Oliver Lanard Fassig

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Oliver Lanard Fassig
Oliver Lanard Fassig NOAA.jpg
Born 1860, Columbus, Ohio
Died 1936, Washington, D.C.
Nationality United States of America
Fields Meteorology, Climatology, Bibliography
Institutions United States Weather Bureau
Alma mater Ohio State University, Johns Hopkins University

Oliver Lanard Fassig (1860–1936) was an American meteorologist and climatologist who worked for the United States Weather Bureau initially as part of the Signal Corps of the United States War Department and later affiliated with the United States Department of Agriculture.[1]

Oliver Lanard Fassig was born at Columbus, Ohio, on April 5, 1860, son of Mathias and Elizabeth (Lanard) Fassig.[2] He attended Ohio State University and received a Bachelor of Science degree in 1882. He then studied at Johns Hopkins University under the guidance of American geologist William Bullock Clark, where in 1899 he received the first PhD in meteorology ever earned in the United States.[3] His doctoral thesis was on the broad pressure relations of distinctive types of March weather over North America.[4] On September 14, 1898, he married Ann Green McCoy, of Annapolis, Maryland.[2]

Meteorological Service[edit]

Dr. Fassig's official meteorological service began on January 12, 1883, when he entered the Signal Corps of the United States War Department in Washington, D.C. In May 1883, he was assigned to Fort Myer in Arlington County, Virginia for instruction, but returned to the Central Office for duty in January 1884. In December 1885, he was sent to New Haven, Connecticut to work as an assistant and study electrical methods at Yale University. In August 1887 he returned to the Central Office in Washington, D.C., where he worked as a bibliographer and librarian from June 1888 to February 1896. In 1889, he published an extensive bibliography titled the “Bibliography of Meteorology – A classed catalogue of the printed literature of meteorology from the origin of printing to the close of 1881”.[5] He then served as an assistant in Philadelphia, Baltimore, and at Mount Weather, which is located in the Blue Ridge Mountains of Virginia. He was made chairman of the section on History and Bibliography of the International Meteorological Congress, Chicago in 1893.[6] His contacts with meteorologists from abroad led him to take a year's leave of absence to study in Germany, 1896-7, where he took special courses at the University of Berlin and became a member of the German Meteorological Society. He was in charge of the Baltimore station from June 5, 1900 to July 14, 1905; May 31, 1907 to April 2, 1909, and August 10, 1912 to April 14, 1919. While in Baltimore, he gave instruction in meteorology at the Johns Hopkins University and wrote "The Climate and Weather of Baltimore".[7] He was in charge of the station at San Juan, Puerto Rico, from April 2, 1909 to August 10, 1912, and April 14, 1919 to June 10, 1930, where he had general charge of the West Indian and Caribbean service.[8] On leaving San Juan he came once more to the Central Office, this time as Chief of the Climatological Division, which position he retained until his retirement on June 30, 1932.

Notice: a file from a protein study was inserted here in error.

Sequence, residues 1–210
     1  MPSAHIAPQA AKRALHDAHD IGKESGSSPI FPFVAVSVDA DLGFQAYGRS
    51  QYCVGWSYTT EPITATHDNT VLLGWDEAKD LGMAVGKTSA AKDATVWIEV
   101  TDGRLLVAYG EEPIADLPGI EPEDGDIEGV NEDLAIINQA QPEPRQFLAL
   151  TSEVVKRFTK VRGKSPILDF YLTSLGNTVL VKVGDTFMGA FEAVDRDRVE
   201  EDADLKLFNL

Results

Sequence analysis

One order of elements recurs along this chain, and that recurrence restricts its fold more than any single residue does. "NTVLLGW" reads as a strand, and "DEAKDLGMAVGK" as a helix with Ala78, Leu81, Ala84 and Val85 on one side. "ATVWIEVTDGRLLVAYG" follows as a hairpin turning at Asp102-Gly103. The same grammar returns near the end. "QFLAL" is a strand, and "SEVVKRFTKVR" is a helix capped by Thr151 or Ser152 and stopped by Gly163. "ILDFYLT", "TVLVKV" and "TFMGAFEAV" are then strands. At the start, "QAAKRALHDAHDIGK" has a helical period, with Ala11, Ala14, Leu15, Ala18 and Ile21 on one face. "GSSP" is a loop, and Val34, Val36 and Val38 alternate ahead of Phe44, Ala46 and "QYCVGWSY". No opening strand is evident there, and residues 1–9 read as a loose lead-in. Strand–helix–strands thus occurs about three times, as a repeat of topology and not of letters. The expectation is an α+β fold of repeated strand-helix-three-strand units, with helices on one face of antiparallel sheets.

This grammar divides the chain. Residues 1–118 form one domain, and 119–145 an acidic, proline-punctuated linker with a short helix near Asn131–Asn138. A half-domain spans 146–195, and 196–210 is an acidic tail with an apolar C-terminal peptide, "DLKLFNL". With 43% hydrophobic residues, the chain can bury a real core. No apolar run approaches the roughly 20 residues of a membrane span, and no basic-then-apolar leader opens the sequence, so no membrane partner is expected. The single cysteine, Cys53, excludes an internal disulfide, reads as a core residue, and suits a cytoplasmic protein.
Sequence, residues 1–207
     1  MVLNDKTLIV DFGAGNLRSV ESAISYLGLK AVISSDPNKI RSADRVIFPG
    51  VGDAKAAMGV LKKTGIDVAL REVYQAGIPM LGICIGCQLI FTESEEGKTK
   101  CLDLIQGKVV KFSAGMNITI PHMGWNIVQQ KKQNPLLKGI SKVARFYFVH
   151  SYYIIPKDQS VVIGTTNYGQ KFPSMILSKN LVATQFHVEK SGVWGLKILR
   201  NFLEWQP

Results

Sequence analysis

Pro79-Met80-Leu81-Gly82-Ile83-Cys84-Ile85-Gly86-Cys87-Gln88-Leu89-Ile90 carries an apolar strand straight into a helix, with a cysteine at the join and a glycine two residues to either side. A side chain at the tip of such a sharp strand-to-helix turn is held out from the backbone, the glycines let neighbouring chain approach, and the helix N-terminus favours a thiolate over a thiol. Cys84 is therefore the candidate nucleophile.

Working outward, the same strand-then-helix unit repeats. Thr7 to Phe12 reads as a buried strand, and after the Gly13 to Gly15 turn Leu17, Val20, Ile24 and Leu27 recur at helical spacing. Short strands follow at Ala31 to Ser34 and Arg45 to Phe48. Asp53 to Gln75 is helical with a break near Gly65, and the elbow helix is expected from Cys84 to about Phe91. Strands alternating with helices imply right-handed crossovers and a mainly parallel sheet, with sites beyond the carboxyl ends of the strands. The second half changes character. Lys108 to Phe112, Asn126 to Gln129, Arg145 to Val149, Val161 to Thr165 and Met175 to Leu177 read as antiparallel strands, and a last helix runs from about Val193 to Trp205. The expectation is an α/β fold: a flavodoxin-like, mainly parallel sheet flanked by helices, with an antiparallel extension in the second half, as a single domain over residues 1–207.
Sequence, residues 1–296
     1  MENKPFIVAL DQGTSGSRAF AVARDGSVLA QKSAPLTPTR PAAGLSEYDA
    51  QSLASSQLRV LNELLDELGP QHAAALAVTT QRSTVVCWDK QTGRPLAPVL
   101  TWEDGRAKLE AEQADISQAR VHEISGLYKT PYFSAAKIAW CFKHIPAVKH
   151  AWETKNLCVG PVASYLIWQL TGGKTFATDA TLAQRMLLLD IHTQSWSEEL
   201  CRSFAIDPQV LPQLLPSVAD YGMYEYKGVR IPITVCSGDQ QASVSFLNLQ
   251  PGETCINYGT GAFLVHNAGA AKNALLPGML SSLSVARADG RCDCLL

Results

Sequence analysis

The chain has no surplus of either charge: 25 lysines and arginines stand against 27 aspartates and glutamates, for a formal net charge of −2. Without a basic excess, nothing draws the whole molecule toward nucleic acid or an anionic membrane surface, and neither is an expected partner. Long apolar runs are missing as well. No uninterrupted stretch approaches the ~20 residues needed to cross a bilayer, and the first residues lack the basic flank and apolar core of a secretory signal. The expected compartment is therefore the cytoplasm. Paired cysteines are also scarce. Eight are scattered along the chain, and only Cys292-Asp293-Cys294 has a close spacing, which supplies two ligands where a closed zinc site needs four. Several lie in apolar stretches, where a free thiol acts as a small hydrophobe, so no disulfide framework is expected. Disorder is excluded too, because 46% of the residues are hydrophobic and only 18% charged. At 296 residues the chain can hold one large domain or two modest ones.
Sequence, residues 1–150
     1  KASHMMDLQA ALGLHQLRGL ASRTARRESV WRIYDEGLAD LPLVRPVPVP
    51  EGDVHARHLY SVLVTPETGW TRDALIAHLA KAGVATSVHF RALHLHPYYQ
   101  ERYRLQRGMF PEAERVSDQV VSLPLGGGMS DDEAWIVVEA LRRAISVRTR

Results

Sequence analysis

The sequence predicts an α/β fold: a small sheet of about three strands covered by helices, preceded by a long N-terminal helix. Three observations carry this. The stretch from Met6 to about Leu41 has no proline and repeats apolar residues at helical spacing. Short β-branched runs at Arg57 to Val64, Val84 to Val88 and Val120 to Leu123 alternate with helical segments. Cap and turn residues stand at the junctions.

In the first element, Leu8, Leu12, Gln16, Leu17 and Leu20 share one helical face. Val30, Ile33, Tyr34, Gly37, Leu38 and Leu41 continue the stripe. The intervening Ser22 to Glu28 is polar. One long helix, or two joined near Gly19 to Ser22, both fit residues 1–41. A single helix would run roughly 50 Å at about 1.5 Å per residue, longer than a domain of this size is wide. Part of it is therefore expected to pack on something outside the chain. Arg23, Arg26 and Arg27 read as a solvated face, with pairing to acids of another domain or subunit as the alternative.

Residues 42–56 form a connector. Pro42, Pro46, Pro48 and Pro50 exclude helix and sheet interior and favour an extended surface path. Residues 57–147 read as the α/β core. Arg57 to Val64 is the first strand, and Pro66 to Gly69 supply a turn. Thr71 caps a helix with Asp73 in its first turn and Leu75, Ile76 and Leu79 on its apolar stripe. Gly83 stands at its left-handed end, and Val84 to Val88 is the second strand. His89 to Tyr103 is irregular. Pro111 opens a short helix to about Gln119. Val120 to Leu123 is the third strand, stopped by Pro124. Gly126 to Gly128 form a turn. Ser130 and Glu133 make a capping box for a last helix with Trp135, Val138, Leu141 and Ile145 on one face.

Dr. Fassig was a quiet, unassuming, unhurried scientist. His interests embraced many phases of science. Absolute fairness and sympathetic understanding characterized his dealings not only with his equals but with those under him. He had the courage to do what he thought right even at considerable personal sacrifice, as when he refused to enter politics on behalf of his chief.[2]

Dr. Fassig died at the Emergency Hospital in Washington, D.C. on Sunday evening, December 6, 1936, as a result of being struck by an automobile on November 20, 1936.[9]

References[edit]

  1. ^ Anonymous. 1937. Obituary: Oliver Lanard Fassig. Geographical Review 27(2):337.
  2. ^ a b c Brooks, C.F. 1940. Oliver Lanard Fassig (1860-1936). Proceedings of the American Academy of Arts and Sciences 74(6):118-120.